The serve experience gives each group the opportunity to serve the poor in their communities. The focus, however, is not based on the act of service. Rather, the participants are encouraged to listen to God’s voice while they are in the process of serving the poor. “You want to encourage everyone to experience God while they are serving, then debrief these experiences afterward. The debrief involves crystallizing next steps based on what God spoke to them,” said Olthoff.
Breaking strongholds in week five starts with a discussion on spiritual warfare, then the group is divided by gender into two groups. “Strongholds are areas of sin in our lives where our flesh and Satan work together to create destructive patterns that are sometimes hard to see. We have the authority and power of the Holy Spirit to break free from these influences.” If group members feel they have a stronghold, they confess the pattern of sin in their lives and choose to replace it with a new character quality they want to adopt. This is the beginning of a process that the Holy Spirit works in the life of the individuals. In some cases, group members may be referred for professional counseling.
These three experiences are both powerful and profound in the growth of the group members. Rooted focuses beyond the information the Bible provides on discipleship, but moves group members toward living out what God directs them to do.

How Do Churches Use Rooted?

While Rooted is a curriculum used in a small group, it is not a small group curriculum. In fact, individual small groups are discouraged from using the materials as a one-off Bible study. The implications of Rooted are for the church as a whole. Rooted cannot be used effectively as an isolated class, group study, or individual study. The full impact of Rooted is felt as a church-wide experience, but don’t read that as a “church-wide campaign.”
While church-wide campaigns have helped to connect entire congregations into groups for a six-week experience by offering video-based curriculum so anyone can start a group, Rooted is the opposite. Rooted can only be led by a trained facilitator. In order to recruit facilitators, most churches will offer pilot groups first for their pastors, staff, and church leaders, then a second round of pilot groups for other influential leaders in their church. After two rounds of 10-week pilots, in most cases the church is ready to launch Rooted with their entire congregation.
Rooted is not meant to serve as one of many options. For Mariners Church, initially offering Rooted as one more option to its large menu of options proved to greatly lessen the impact. Today, Rooted is offered as the entry point for every other level of involvement in the church. If someone wants to join a small group, they do Rooted first. If someone wants to serve, they go through Rooted. If someone wants to become a church member, they do Rooted first. This goes for every other ministry in the church without exception.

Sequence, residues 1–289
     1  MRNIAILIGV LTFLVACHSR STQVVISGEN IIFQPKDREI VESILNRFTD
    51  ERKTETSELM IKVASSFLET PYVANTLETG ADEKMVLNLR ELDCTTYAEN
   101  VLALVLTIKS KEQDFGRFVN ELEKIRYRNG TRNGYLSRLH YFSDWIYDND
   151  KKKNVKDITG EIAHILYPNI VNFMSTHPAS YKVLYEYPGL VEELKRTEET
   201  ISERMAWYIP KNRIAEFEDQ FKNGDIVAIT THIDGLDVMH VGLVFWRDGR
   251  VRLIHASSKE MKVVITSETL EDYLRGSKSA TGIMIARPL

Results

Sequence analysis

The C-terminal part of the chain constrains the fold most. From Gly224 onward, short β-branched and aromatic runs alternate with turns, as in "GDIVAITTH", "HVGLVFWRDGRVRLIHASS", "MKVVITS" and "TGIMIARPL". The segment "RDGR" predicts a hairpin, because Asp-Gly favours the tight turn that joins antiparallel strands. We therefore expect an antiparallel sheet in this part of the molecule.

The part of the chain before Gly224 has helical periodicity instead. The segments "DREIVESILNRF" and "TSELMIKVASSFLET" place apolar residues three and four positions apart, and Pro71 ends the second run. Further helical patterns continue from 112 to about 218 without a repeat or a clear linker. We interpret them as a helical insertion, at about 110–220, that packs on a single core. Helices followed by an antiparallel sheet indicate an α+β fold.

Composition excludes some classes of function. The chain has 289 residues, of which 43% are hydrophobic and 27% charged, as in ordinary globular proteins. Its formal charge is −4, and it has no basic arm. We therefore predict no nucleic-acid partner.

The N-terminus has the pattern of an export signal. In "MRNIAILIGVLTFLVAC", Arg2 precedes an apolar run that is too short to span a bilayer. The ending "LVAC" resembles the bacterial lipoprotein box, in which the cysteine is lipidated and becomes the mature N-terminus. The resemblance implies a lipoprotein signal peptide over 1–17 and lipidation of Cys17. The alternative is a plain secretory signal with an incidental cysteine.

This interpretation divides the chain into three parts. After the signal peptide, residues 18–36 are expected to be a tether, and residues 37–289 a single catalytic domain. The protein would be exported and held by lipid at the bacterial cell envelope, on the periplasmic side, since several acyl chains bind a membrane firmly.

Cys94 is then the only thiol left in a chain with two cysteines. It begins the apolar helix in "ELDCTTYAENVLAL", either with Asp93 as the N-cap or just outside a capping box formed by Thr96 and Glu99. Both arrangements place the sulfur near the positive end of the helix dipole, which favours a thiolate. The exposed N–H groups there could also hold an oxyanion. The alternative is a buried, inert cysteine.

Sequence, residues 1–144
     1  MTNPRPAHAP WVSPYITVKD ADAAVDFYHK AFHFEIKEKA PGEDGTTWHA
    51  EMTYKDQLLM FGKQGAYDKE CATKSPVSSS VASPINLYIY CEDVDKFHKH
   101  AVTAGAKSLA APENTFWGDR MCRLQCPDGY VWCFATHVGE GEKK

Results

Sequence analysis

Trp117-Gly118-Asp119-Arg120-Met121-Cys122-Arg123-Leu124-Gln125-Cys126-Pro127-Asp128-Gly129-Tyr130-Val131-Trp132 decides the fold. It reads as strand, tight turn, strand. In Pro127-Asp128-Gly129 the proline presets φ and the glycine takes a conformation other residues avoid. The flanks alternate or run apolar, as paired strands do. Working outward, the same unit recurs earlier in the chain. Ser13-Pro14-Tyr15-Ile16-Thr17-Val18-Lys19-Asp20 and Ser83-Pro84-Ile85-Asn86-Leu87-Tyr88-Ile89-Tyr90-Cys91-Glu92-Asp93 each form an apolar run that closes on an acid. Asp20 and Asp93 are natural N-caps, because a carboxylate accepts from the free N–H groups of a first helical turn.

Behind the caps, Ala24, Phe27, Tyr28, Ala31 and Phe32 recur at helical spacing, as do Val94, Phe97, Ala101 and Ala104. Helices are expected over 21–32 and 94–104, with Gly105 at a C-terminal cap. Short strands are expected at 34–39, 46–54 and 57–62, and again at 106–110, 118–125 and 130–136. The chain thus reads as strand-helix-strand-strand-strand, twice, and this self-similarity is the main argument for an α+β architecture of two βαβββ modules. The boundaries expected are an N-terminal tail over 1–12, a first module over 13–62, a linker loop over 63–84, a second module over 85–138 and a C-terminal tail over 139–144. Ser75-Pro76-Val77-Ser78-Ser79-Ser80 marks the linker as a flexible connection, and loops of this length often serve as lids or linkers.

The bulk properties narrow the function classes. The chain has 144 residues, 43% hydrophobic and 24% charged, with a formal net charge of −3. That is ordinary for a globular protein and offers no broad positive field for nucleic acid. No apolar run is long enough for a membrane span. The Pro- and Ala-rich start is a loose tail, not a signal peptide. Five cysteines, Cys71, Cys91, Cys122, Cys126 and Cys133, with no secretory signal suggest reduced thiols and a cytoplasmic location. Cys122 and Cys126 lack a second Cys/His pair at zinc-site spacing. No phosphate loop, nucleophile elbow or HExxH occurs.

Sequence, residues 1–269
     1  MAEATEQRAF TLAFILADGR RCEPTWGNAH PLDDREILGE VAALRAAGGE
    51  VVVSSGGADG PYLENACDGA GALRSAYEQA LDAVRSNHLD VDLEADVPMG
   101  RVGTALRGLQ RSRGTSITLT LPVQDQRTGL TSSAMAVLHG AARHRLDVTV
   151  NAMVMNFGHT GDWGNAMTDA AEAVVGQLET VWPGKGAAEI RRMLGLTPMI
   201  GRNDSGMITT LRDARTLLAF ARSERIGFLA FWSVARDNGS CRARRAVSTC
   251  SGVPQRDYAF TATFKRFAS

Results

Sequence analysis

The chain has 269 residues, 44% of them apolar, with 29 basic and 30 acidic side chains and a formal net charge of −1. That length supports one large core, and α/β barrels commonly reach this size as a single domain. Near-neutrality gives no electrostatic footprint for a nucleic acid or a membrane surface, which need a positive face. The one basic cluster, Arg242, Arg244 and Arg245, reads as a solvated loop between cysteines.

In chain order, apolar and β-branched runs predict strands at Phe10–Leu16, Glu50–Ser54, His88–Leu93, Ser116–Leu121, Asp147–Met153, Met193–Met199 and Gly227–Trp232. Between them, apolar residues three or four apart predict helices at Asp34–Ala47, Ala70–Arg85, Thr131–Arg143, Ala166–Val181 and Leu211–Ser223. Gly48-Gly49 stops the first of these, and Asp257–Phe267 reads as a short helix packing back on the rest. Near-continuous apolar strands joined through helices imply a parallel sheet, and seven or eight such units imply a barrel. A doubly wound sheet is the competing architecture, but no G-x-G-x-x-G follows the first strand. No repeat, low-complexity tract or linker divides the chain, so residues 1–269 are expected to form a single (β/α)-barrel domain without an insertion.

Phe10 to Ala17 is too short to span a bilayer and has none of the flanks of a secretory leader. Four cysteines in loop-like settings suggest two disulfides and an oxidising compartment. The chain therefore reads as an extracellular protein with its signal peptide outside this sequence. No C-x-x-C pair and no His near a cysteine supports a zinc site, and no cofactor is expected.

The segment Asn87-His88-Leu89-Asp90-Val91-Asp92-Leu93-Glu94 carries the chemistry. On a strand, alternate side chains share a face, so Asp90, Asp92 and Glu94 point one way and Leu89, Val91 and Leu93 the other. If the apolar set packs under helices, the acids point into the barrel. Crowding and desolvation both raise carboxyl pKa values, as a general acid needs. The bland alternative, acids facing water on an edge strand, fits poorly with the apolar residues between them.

Part of the significance of the pilot groups with pastors and church leaders is to determine the church’s level of buy-in to Rooted. If the pastors feel strongly about Rooted, they will present it was the front door to everything else in the church. If the pastors don’t feel that strongly, then Rooted will more than likely not produce the result seen at other churches.
Once groups are formed and Rooted is underway, the facilitators meet for weekly training and coaching. Since Rooted often touches deep issues in people’s lives, it’s important for the facilitators to have the support of a coach every time they lead a Rooted group. In every Rooted session they will find new challenges and new issues among the group members. They may have never faced these things before, so support is essential.

Why Rooted?

Though high in commitment, Rooted provides results across the board. “Rooted has a way of impacting the unchurched, the dechurched, and the over-churched at the same time,” according to Drew Sherman, Senior Pastor, Compass Christian Church, Colleyville, TX.
“For far too long the American Church has been redesigning and/or trying to improve something that doesn’t really need to be improved. I can totally see Rooted creating a legitimate movement and revival in the American Church.” writes Paul Dowler, Core Values and Community Life Pastor, Compass Christian Church, Colleyville, TX. “Maybe I’m just on the mountaintop from celebrating the lives that have been transformed. But, I’m pretty confident this is going to keep working, and it’s not a ministry fad.”
Before you get started with Rooted, read What’s Wrong with Rooted.
For more information on Rooted: experiencerooted.com
Considering Rooted for your church? Then let’s talk. Click here to schedule a meeting. (No Charge! I just want to help you).

Should We Euthanize Small Groups?

Should We Euthanize Small Groups?

By Allen White rip